• Norway!

    Norway: Sunnylvsfjord. Go Now!

    Norway
    Known for its natural beauty, Norway is home to isolated villages, fjords, and mountains that create a culture and landscape without compare. Begin Your Journey!

  • Palau!

    Palau: "70 Islands!" Go Now!

    Palau
    Few people have even heard of this small Micronesian country, but those who have often return with stories of beauty unmatched elsewhere, such as view of the "70 Islands" (pictured). Go Now!

  • Spain!

    Spain: Guell Park and Gaudi architecture. Go Now!

    Spain
    Fusion foods, lively music, historic ruins, and cultural events like the Running of the Bulls and La Tomatina make Spain and Barcelona (pictured) a favorite tourist destination. Explore Spain!

  • Jordan!

    Jordan: Petra. Go Now!

    Jordan
    Tucked away in this Middle Eastern country, the famed city of Petra (pictured) links the past to the present culture. Explore Jordan!

  • Mexico!

    Mexico: Sunrise over the mountains in Puerto Vallarta. Go Now!

    Mexico
    Although many people just go for the beaches, Mexico offers impressive mountain vistas (pictured in Puerto Vallarta), great food, and historic ruins that compete with the best in the world. Begin Your Journey!

  • Chile!

    Chile: Torres del Paine National Park. Go Now!

    Chile
    The Andes dominate much of Chile, including the breath-taking Torres del Paine National Park (pictured). However, the country also hosts the world's driest desert and a thriving metropolis. Begin Your Journey!

AntarcticaThe name Antarctica is a Latinized version of a Greek word. The Greek word antarktike simply means "opposite the Arctic." The word Arctic is also Greek in origin, meaning "near the bear," which is a reference to the constellation Ursa Major (the Great Bear) or Ursa Minor (the Little Bear), two constellations that are in the far north, Ursa Minor even including Polaris, the North Star. The name Antarctica to refer to the land mass only came into common use in the 1890s.

Introduction:

Antarctica is the world's most natural continent as this island has rarely been touched for thousands of years. People have only arrived to this ice continent in the past 100 years and since that time little progress has been made in spreading their influence, although many countries have set up research stations and exploration trips to the land of ice.

The continent is also being heavily affected by global warming as the glaciers, ice, and snow on Antarctica have been slowly melting into the ocean. This is affecting not only Antarctica and the wildlife present on and around the island, but also the entire world as water levels are slowly on the rise.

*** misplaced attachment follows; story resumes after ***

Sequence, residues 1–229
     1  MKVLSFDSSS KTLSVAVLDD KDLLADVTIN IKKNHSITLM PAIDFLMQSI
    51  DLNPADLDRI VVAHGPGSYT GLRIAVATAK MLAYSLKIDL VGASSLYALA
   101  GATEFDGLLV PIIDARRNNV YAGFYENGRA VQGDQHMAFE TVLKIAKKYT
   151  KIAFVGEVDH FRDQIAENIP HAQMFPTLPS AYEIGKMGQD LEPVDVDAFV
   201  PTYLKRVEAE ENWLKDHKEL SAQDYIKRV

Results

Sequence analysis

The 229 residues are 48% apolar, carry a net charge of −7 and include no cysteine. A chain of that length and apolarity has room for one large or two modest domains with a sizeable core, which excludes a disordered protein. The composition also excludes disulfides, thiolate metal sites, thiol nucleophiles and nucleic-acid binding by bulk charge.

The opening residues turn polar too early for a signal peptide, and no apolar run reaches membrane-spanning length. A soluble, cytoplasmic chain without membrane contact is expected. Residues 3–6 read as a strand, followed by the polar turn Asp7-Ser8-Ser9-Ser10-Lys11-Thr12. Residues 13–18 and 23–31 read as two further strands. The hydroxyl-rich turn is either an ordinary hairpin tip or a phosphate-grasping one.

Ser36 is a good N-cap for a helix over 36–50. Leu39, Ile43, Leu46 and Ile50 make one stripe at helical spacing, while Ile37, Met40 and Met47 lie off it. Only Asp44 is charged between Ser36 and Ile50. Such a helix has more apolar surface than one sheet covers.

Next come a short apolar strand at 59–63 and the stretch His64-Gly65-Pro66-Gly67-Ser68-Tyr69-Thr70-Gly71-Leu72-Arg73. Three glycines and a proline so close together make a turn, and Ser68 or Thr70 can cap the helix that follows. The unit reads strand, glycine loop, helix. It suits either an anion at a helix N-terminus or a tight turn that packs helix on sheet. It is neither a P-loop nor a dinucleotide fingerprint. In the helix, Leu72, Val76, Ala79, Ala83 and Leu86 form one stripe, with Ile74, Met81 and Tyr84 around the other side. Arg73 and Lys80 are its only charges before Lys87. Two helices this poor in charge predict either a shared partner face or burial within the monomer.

The continent is also being heavily affected by global warming as the glaciers, ice, and snow on Antarctica have been slowly melting into the ocean. This is affecting not only Antarctica and the wildlife present on and around the island, but also the entire world as water levels are slowly on the rise.

Although Antarctica is changing in many ways, this continent has done little to alter itself as the island is nearly isolated. The continent is, and always has been dominated by the wildlife on the island as well as in the nearby seas. Many animals found here can be found nowhere else in the world or are rarely found elsewhere, while many of the birds and sea life seasonally migrate.

The culture of the continent is lacking as few people live on Antarctica and most who do are seasonal scientists from numerous countries. These people continue on their traditional cultures from their home countries, but the lifestyle in Antarctica is vastly different than it is elsewhere. Freezing temperatures and winds mean most time is spent in doors. The sun also affects the lifestyle as the continent experiences 24 hours of daylight during their summers and 24 hours of darkness during their winters. For most visitors to Antarctica today, the trip begins and ends on a cruise ship during these long summer months when visitors can disembark to the land to see penguins or glaciers before continuing on their journey.

Name: Antarctica
Independence: Antarctic Treaty signed December 1, 1959 (in force June 23, 1961)
Capital: None
Currency: None
Population: About 1,100 (winter) to 4,400 (summer)
Ethnicity: Multiple
Language: Multiple
Religion: Multiple

Information for Antarctica was last updated: February, 2014 ● View our: Sources & Special Thanks